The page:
In 1987, Ben-Porat ruled that the oath of loyalty taken by a member of Knesset must be in accordance with the terminology of the law, i.e. “I undertake,” with no addition. This referred to MK Meir Kahane’s version, which obscured the oath’s intention.
In the sphere of public administration, aware of the inherent lack of symmetry between the authorities and the individual citizen, she was punctilious in applying severe standards to governmental authorities in order to deter and penalize governmental bad faith or abuse of power. Ben-Porat did not hesitate to intervene in cases where the executive branch improperly applied legislative directives. In 1978 she restricted the authority of the military in the occupied territories, holding that eviction or expropriation of property was permissible only for purposes of self-defense or essential security measures.
In 1979 she contributed to legal certainty on issues of planning and construction, when she ruled that from the moment that a national council used its legal authority to transfer an issue to a sub-committee which it had established, the decisions taken by the latter are to be regarded as decisions of the national council. In 1983, she ruled that the principle of equality applied to the conditions in government tenders.
Upon her retirement from the Supreme Court in 1988, Ben-Porat was appointed State Comptroller and Ombudsman for Public Complaints—a position in which she was again the first woman—and she filled this role in a dynamic and innovative manner. She significantly changed the office’s modus operandi in that she replaced scrutiny of government action after the event with preemptive reports and measures intended to prevent improper governmental behavior before it occurred. One example of such action was her report during the Gulf war (1991) that the masks did not fit the faces of many inhabitants. As a result, they were replaced by new ones.
Furthermore, instead of contenting herself with the previously customary annual reports, she published a series of special reports dealing with burning issues on the public agenda. One of her most revolutionary acts was her appeal to the media to harness themselves to the battle against corruption in high places. To this end she granted courageous and critical interviews on matters of governmental misdemeanor, unlike her predecessors, who rarely allowed themselves to be interviewed. The transparency in the work of her office and her use of the media as a tool to promote that work greatly increased public awareness of the war against corruption and, in effect, recruited the general public to that battle.
Ben-Porat brought about a change in the public agenda with the publication of the State Comptroller’s Annual Report in 1991, in which she courageously exposed social and immoral phenomena that had spread throughout the government. She cited flaws and corruption in government operations, such as the transfer by political parties of special funds in unprecedented amounts to fictitious institutions, with no government supervision whatsoever. She also inveighed against political appointments, citing cases of totally unqualified individuals who had been given government positions solely because of their connection to people in power. This was a battle she continued even after her retirement from the position of State Comptroller. As Comptroller, she also pointed out the state’s discriminatory behavior against Arab citizens and called for actively involving them in Israel’s social and national fabric.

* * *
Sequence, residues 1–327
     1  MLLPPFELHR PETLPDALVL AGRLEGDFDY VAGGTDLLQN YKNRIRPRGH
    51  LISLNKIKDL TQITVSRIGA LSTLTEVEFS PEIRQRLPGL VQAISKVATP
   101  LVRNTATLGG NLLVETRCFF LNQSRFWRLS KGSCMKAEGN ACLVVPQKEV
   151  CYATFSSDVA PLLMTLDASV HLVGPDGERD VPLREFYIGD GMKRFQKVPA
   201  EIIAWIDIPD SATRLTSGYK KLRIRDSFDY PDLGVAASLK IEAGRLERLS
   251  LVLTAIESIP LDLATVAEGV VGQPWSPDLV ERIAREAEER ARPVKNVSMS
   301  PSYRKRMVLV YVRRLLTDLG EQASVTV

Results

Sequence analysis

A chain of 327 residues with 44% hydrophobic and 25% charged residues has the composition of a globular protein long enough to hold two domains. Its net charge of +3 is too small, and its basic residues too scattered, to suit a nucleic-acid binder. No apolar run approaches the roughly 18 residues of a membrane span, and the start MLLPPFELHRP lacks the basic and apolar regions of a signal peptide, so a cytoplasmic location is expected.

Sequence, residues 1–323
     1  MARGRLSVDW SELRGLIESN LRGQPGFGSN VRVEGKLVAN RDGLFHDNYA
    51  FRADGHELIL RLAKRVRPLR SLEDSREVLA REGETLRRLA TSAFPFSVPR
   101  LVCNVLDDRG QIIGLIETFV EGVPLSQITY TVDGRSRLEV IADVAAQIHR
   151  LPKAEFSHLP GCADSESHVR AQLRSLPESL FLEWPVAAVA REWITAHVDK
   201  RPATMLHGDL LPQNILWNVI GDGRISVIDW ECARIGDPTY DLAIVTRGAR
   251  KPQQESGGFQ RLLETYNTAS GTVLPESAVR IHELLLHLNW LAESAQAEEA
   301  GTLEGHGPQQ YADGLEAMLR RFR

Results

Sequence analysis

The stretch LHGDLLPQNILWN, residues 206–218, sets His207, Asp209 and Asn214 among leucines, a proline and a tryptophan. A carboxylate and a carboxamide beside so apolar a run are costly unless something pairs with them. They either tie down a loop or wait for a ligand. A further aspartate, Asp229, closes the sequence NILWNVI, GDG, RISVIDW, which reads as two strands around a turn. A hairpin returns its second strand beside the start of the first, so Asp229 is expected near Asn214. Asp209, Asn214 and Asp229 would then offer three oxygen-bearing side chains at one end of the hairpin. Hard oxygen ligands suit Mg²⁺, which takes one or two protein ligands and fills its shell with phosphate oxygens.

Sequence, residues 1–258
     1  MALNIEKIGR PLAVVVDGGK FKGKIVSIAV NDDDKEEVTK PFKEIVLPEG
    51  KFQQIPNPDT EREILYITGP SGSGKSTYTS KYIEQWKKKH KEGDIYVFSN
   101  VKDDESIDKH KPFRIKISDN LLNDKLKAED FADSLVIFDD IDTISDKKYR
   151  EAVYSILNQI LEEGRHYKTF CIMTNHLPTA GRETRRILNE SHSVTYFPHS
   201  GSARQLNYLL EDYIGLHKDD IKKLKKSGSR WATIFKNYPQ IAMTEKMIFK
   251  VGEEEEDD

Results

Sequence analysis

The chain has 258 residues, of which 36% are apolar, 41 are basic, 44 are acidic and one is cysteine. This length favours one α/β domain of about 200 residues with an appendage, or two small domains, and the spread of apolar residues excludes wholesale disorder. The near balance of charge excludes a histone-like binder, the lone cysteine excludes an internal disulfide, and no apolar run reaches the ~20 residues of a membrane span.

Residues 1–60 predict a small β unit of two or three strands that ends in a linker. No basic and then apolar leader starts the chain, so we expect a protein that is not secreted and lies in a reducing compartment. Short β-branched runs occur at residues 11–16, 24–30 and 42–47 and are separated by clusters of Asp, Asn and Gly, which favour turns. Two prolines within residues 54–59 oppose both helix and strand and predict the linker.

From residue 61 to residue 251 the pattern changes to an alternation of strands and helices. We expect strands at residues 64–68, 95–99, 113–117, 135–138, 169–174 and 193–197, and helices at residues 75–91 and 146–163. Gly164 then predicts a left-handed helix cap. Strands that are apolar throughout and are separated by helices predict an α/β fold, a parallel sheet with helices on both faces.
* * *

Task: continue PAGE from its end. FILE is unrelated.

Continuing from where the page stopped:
After completing two terms as State Comptroller, she retired from the office in 1998, generally acknowledged as having been its most active occupant and as the one who had most significantly transformed its standards.
From 1964 until her appointment to the Supreme Court, Ben-Porat was a lecturer in the Law School of the Hebrew University of Jerusalem, attaining the rank of associate professor, but she retired from teaching in order to devote herself solely to her position as justice of the Supreme Court and, later on, as State Comptroller. In 1999 she resumed teaching, both at the Israeli branch of Manchester University and at the Interdisciplinary Center in Herzliyyah. She is the author of a variety of articles published in legal journals, of a book on state comptrol (An Interpretation of the Basic Law: State Comptroller, 1998 ), and a commentary on the law of assignment. She remains active in public causes, such as the battle against the destruction of antiquities on the Temple Mount.
In 1990 Ben-Porat was awarded the Judge Zeltner Prize and in 1991 received the Israel Prize, the country’s most distinguished award, for her special contribution to society and the state. She is also the recipient of honorary degrees from the Jewish Theological Seminary, New York (1997), the University of Pennsylvania (1993), the Hebrew Union College, Jerusalem (1999) and the Weizmann Institute of Science (2004).